Black Crow Blues

It is now -2 days to my leaving Cambridge for good.

Two days ago my dog managed to grab hold of a crow in the woods. Two crows screamed to try and scare him off. I called him off but the crows were still cawing desperately. Then a magpie and a wood pigeon tried to approach, and sharp as anything the two crows jumped on the branches closest to them to keep them away. Their cawing was so mournful I felt so sorry for them, I had to say sorry out loud to them. I know my dog can’t really help his preying instinct but I felt the misery of these two crows.

I went back today and saw why he’d managed to catch it, and why they were so desperate: it was a young crow, about half their adult size. The crows had moved away, left the nest.

I still feel everything tangibly, fiercely. I walk up and down the road to take my daughter to school and take in every flower, every wall, every window. I know I won’t see any of it again.

The song that rang true for me today as I walked back was Bob Dylan’s Black Crow Blues. In particular these two verses:

Sometimes I’m thinkin’ I’m
Too high to fall
Sometimes I’m thinkin’ I’m
Too high to fall
Other times I’m thinkin’ I’m
So low I don’t know
If I can come up at all

Black crows in the meadow
Across a broad highway
Black crows in the meadow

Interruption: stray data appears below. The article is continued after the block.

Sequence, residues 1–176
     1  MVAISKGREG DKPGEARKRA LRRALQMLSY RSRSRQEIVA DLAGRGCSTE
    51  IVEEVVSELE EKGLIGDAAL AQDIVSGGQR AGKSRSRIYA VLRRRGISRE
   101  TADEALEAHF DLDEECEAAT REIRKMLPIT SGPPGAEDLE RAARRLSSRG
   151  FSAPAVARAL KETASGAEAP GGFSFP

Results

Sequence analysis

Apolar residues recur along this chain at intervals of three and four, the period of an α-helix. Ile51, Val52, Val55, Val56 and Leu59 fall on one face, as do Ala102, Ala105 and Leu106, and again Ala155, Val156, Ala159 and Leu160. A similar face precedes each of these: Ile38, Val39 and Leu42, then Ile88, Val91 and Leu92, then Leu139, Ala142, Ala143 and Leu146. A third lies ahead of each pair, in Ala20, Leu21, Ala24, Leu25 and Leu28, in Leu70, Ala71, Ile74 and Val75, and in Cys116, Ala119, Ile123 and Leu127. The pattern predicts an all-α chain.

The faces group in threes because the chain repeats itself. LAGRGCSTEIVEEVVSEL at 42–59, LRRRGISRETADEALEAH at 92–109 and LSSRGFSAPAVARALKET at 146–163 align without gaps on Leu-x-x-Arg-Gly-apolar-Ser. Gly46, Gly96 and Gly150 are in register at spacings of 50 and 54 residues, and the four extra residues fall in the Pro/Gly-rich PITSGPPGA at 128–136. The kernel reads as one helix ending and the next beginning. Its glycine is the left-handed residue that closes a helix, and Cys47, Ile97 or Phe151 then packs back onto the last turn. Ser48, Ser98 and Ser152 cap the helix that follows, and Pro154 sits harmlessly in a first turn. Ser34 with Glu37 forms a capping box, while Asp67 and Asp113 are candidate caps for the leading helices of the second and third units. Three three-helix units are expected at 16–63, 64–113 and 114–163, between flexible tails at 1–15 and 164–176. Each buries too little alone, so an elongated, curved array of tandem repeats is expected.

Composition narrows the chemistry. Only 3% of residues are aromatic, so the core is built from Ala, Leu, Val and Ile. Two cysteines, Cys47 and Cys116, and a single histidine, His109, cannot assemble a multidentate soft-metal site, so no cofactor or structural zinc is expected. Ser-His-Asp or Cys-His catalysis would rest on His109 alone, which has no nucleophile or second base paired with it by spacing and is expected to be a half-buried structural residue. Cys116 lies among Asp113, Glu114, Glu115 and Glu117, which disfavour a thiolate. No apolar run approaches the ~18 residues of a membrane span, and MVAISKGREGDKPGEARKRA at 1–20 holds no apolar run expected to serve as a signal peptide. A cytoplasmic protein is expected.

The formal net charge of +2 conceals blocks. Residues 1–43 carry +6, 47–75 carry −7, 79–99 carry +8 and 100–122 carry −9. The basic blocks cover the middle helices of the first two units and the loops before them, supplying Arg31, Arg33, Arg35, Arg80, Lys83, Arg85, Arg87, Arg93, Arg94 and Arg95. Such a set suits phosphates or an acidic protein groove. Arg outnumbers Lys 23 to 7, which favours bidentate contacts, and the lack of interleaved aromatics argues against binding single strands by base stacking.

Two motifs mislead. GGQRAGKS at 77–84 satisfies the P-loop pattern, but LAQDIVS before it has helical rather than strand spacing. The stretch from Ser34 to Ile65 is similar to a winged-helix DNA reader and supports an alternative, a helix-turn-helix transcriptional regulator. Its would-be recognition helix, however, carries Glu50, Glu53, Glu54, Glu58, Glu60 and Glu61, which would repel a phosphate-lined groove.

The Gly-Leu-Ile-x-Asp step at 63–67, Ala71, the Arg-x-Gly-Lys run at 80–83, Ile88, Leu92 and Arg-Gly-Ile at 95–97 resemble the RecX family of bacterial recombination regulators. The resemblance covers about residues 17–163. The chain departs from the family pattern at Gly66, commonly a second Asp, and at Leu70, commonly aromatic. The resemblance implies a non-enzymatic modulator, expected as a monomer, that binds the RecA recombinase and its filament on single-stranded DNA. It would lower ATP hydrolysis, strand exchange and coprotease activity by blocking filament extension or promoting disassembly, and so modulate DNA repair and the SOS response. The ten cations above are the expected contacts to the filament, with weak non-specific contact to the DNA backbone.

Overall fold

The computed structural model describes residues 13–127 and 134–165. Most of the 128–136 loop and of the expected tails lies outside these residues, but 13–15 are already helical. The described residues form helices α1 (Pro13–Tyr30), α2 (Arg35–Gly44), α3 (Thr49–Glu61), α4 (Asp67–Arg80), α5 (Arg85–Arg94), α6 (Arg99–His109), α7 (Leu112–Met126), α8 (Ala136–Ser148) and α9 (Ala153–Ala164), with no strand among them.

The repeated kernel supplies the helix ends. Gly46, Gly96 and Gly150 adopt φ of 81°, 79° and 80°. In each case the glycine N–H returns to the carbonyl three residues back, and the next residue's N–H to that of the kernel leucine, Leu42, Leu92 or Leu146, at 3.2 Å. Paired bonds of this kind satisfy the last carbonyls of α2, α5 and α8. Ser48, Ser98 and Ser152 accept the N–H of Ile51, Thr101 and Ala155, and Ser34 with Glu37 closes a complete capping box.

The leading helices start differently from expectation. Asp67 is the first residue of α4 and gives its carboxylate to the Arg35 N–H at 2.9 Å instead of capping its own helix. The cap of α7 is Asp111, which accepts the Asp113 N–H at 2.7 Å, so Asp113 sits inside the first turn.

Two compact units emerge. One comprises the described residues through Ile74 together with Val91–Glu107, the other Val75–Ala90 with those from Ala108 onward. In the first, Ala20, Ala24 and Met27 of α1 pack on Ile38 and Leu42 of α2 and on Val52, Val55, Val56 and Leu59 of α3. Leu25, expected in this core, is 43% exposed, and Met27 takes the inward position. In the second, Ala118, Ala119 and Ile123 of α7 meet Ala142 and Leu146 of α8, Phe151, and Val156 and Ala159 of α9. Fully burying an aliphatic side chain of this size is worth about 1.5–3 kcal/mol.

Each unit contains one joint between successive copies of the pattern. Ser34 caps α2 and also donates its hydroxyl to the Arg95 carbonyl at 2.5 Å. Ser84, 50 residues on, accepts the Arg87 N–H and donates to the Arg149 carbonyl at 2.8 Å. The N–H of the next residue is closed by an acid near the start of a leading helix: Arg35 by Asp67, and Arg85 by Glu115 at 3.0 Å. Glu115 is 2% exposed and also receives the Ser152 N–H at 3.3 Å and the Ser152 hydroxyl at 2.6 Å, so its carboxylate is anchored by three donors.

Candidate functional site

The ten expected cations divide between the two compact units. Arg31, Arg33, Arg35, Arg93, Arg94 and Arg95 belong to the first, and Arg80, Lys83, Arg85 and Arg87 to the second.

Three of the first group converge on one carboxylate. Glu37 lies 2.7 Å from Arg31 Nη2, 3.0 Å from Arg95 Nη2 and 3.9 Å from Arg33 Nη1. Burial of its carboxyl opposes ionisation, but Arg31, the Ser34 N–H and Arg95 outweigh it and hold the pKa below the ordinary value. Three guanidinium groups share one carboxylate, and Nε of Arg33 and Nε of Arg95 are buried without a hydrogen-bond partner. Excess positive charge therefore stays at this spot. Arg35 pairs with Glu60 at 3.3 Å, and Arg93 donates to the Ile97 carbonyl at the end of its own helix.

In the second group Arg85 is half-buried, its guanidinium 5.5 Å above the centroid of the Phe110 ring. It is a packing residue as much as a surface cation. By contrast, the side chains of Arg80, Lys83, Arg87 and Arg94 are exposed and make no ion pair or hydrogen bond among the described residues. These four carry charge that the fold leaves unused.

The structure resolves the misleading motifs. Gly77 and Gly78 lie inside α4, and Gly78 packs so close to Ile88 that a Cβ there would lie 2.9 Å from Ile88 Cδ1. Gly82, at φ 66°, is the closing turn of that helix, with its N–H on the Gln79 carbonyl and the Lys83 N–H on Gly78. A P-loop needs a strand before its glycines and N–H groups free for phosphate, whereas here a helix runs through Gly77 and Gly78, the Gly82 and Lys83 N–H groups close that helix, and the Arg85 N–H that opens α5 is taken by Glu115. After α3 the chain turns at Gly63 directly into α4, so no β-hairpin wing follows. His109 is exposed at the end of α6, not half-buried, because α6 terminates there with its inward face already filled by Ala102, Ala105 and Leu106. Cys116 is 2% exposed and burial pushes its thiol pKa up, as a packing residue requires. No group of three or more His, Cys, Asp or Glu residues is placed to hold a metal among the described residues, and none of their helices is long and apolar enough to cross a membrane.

Across a broad highway
Though it’s funny, honey
I just don’t feel much like a
Scarecrow today

Sometimes, the desperate cawing, that unique quality of theirs, all black, and hunched, somehow so… present: you just want to stay, and be with them.

Whilst searching for it on the web however, I saw there is another Black Crow Blues. The latter is even more poignant: an artist I had never heard of before, Townes Van Zandt.

Somehow, I feel I can’t add anything to his story and his voice.

I have been feeling vast amounts of stuff as I prepared to leave this city. The calm with which this is happening, the time it is taking, the fact that my dear husband took most of the work on himself, the lack of panic and hassle and stress, the lovely anxiety pills I have been taking, all make it subdued, surreal, stretched out. Somehow I have become more sharply aware of what a tearing all those moves in my life have been. Of all the opportunities lost forever they were: the lost opportunity of making a home beyond my immediate family when I got one, the lost opportunity of making stuff that doesn’t work work, of fixing stuff.

Like this lamp.

WP_000020I got this at a second hand shop, in Yorkshire, when I had recently moved there. We kept postponing as we never had the money, or it never took priority, to repaint it, fix a few screws… so i just kept it like this: it moved house with us, and came here. I love this lamp. I loved this lamp. But, there was no room to take her up in the car, and she was very rickety and broken… so we agreed she had to go. Chance had it that my husband hurt his foot so it had to be me taking her to the dump. I hugged her, until a kindly operative there said “I’ll take it, it looks heavy”. And just like that, she was gone.

So many people I’ve come across who hold on dearly to their things. My things never make it along with me, my things are too much trouble, they’re too broken, it is best to let them go.

I couldn’t help but identify with her and I was very sad leaving her behind, my lovely green lamp. But that’s it, no time or opportunity to fix anything, what isn’t fixed before we go, will just be lost forever.

Only two more days to go.

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